The Crime and Courts Act 2013 received Royal Assent on 25 April 2013, dealing with matters as diverse as drug-driving, self-defence and community penalties. A less familiar topic, tucked away in Schedule 17 of the Act, is deferred prosecution agreements (“DPAs”) which have the potential to change dramatically the relationship between corporates and prosecutors, and raise as much as £60m in annual penalty income for the Government according to the MoJ’s Impact Assessment
When the DPA provisions are brought into force, they could be offered to corporates, partnerships and unincorporated bodies (but not individuals) for a plethora of specified economic crimes including bribery, corruption, fraud, money laundering, tax and duty evasion, theft and financial market misconduct. DPAs will also be possible for historic offences – those which took place before the DPA legislation comes into force
Under the DPA procedure, the Director General of the SFO or the Director of Public Prosecutions will charge the organisation. However, the proceedings will automatically be suspended as part of a written and binding agreement which must include a statement of facts and may include a financial penalty, compensation for victims, disgorgement of profits, implementation of a compliance programme, co-operation with an investigation into the alleged wrong-doing and payment of the prosecution’s reasonable costs in relation to the DPA.
To ensure transparency, the Director General of the SFO and the DPP must publish a Code giving guidance on the principles to be applied when deciding whether a DPA would be appropriate, and it is anticipated that a draft of the Code will be subject to a public consultation exercise. Judicial agreement must be obtained, both at preliminary and final stages, that a DPA is in the interests of justice and that the terms are fair, reasonable and proportionate. Only when the Crown Court approves the DPA will it become binding. If approved, the DPA will be published.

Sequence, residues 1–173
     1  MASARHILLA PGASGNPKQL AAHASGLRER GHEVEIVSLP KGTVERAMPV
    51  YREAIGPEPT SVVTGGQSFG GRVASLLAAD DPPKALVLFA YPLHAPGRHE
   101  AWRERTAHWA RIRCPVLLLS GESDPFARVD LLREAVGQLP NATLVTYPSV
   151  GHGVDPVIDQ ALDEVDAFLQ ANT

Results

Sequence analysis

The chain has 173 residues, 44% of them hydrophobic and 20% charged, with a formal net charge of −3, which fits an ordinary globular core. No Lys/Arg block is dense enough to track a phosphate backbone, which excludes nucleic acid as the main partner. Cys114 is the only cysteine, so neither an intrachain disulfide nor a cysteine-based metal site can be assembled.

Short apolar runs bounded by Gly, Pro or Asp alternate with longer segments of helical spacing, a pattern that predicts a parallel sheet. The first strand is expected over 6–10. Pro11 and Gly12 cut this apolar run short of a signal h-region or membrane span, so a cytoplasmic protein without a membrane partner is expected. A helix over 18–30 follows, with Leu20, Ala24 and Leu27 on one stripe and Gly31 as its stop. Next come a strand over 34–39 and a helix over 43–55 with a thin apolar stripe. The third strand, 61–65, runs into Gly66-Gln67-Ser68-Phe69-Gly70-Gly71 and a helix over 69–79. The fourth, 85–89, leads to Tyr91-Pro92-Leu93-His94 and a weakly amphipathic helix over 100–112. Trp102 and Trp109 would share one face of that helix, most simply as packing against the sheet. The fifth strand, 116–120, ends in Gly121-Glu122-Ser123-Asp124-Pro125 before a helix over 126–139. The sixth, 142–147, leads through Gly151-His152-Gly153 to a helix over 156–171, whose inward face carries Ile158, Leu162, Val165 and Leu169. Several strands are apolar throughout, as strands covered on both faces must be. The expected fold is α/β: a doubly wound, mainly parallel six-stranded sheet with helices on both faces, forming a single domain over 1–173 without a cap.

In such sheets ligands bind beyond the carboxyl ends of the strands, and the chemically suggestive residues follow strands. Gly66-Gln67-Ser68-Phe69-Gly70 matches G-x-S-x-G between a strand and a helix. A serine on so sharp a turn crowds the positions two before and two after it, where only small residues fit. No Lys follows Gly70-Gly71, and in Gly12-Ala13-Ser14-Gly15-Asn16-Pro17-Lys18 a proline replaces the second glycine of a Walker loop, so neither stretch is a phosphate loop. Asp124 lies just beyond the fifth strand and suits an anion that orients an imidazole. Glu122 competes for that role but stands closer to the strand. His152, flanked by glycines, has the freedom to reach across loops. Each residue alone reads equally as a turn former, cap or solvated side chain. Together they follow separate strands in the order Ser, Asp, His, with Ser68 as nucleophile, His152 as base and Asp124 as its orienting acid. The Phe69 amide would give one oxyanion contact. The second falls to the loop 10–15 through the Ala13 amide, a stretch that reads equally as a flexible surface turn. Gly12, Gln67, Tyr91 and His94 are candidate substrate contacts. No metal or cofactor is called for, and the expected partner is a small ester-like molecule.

DPAs will remain in force until their expiry date, at which time the prosecutor will give notice to the Court that it does not want to pursue the prosecution. Once discontinued in this way, it will not normally be possible to bring fresh proceedings for the alleged offence. However, if the organisation breaches the DPA whilst it is still ongoing, the prosecutor may apply to the Court for a declaration – on the balance of probabilities – that a breach has occurred. In these circumstances, the DPA could be terminated, rendering the organisation liable to prosecution for the offence.
If such a prosecution does take place, the statement of facts forming part of the broken DPA will be treated as an admission by the organisation. In all likelihood, this will include admissions proving the central elements of the alleged offence, making conviction a forgone conclusion. Conversely, and as an incentive to enter into DPA negotiations, the legislation restricts the use which a prosecutor can make of information provided by an organisation during the course of negotiations that do not subsequently result in a Court-approved DPA.
Although currently restricted to economic crime, the Government has held out the possibility that DPAs could eventually be extended to other forms of corporate wrongdoing such as corporate manslaughter, health and safety offences and environmental offences.
It remains to be seen whether the practice of DPAs will receive as warm a corporate welcome as did their initial announcement. The SFO asserts that it is greatly enhancing its intelligence capacity, and organisations which do not seize the initiative and self-report wrongdoing (to increase the prospects of resolving the matter by way of a DPA) may find themselves subject to a criminal investigation leading to an actual prosecution and the attendant risk of conviction.
Nevertheless, a decision to enter into such a DPA, with the admission of wrongdoing that this will entail, may well expose organisations to civil claims from victims arising out of the same facts. Further, it is unclear how entering into a DPA here would protect an international company from prosecution for the same wrongdoing in other jurisdictions where the principle of res judicata may not apply. In such circumstances, a company will no doubt seek to enter into a DPA in this jurisdiction as part of a so-called “global settlement” of investigations in other jurisdictions.
It also remains to be seen what stance the prosecuting authorities will adopt towards individuals implicated in the criminality. Will we see situations where companies are dealt with by way of a DPA but its directors with potential personal criminal liability being prosecuted, with the authorities seeking to use the company’s DPA admission in evidence?
The DPA provisions of the Crime and Courts Act 2013 are expected to come into force in early 2014.